When it comes to whisky, I generally try to stick with Scotch aged 10 years or older. It’s not an issue of snobbery, it’s that my palate isn’t hearty enough to handle whisky that’s only been aged 3 years. There’s also the issue of depth… when you have ten plus years to mature in a barrel, that’s a lot of time for flavors to mature and intermingle. Three years just isn’t enough. And certainly three years in brand new casks, as it what is typically used in stateside whiskies, doesn’t add as much depth as ten years in a formerly bourbon barrel.
That said, variety is the spice of life and I recently had a chance to sample a whisky from Canada. A hallmark of most Canadian whiskies is the use of rye grain, though its use is not dictated by law, and Spicebox Canadian Spiced Whisky claims to use great rye in their blend. Spicebox’s whisky is a blend of whiskies aged in bourbon barrels from 3-6 years. In addition to the blend of whiskies, they add in additional flavor with vanilla beans and a “secret blend of spices.”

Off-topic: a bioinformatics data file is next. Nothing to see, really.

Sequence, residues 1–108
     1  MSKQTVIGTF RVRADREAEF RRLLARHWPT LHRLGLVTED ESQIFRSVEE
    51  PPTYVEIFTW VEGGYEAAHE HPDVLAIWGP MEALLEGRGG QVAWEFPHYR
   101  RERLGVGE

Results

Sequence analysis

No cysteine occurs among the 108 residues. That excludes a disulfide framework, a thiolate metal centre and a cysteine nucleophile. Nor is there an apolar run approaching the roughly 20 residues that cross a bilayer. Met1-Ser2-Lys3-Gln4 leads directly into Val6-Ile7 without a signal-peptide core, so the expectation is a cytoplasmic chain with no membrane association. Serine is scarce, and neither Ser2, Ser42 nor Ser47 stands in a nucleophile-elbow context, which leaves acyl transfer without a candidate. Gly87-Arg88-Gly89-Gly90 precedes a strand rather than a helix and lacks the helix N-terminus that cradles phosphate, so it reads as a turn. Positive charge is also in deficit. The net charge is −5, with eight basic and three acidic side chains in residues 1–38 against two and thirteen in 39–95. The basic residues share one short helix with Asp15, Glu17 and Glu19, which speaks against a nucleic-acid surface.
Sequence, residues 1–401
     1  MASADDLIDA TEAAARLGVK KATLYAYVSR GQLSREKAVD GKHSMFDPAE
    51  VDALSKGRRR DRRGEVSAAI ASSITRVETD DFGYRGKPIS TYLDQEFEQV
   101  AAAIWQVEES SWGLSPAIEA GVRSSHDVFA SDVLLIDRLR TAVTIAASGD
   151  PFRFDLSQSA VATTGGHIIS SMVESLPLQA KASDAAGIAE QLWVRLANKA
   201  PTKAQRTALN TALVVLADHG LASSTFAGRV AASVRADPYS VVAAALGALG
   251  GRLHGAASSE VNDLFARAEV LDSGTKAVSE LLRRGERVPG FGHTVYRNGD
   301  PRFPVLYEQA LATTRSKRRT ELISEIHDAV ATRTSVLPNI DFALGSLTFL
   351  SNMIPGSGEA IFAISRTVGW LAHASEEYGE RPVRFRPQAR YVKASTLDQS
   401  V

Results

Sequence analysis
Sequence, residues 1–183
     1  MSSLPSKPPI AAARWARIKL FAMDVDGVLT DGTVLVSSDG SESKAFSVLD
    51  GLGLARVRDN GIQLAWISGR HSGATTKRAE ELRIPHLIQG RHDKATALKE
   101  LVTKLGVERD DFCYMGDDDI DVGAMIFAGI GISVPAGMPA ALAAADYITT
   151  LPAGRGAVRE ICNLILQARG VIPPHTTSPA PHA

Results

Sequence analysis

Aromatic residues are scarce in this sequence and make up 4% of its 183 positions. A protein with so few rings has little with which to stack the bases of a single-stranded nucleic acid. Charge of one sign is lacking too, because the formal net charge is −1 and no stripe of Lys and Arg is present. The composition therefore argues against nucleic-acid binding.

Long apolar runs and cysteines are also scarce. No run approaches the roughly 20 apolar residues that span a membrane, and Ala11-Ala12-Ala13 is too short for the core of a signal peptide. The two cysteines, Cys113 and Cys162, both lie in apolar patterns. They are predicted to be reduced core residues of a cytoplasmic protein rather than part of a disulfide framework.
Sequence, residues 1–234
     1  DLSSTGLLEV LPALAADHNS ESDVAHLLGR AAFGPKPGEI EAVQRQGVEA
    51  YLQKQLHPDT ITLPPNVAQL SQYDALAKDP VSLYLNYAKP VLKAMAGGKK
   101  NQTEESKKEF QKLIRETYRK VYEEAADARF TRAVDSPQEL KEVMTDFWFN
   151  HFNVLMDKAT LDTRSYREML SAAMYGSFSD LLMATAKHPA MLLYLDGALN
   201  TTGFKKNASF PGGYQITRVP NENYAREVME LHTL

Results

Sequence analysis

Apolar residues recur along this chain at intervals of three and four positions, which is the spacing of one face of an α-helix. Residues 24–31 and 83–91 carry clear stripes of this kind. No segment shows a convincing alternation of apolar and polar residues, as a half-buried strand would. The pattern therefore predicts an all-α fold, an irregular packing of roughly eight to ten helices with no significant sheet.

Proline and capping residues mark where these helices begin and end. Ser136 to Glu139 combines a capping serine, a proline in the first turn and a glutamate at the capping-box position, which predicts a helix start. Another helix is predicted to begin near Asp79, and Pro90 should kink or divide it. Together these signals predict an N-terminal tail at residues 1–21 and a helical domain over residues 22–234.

Why are they named Spicebox? I thought it was because it’s called spiced whiskey. While there are spices in the blend, that’s not the origin of their name. Turns out that during Prohibition, our fine friends to the north would smuggle whiskey in wooden barrels marked “spices” and thus the Spicebox name was born. It’s actually quite enterprising.
It’s a light amber color with wonderful aromatics, you can definitely smell the vanilla and a general sense of “spices,” though I couldn’t really put my finger on it. If you are a fan of Speysides, this is closer to a Speyside in its sweetness, with vanilla and caramel. It’s smooth for a spirit aged only 3-6 years, I was surprised by that, and I can see this being popular in a mixed drink.